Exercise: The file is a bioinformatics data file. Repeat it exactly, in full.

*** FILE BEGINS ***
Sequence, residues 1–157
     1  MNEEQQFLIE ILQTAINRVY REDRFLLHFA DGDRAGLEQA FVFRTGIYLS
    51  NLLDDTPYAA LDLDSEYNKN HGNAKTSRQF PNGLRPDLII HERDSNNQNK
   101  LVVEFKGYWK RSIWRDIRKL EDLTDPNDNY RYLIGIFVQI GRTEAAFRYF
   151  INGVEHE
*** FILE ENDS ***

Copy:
Sequence, residues 1–157
     1  MNEEQQFLIE ILQTAINRVY REDRFLLHFA DGDRAGLEQA FVFRTGIYLS
    51  NLLDDTPYAA LDLDSEYNKN HGNAKTSRQF PNGLRPDLII HERDSNNQNK
   101  LVVEFKGYWK RSIWRDIRKL EDLTDPNDNY RYLIGIFVQI GRTEAAFRYF
   151  INGVEHE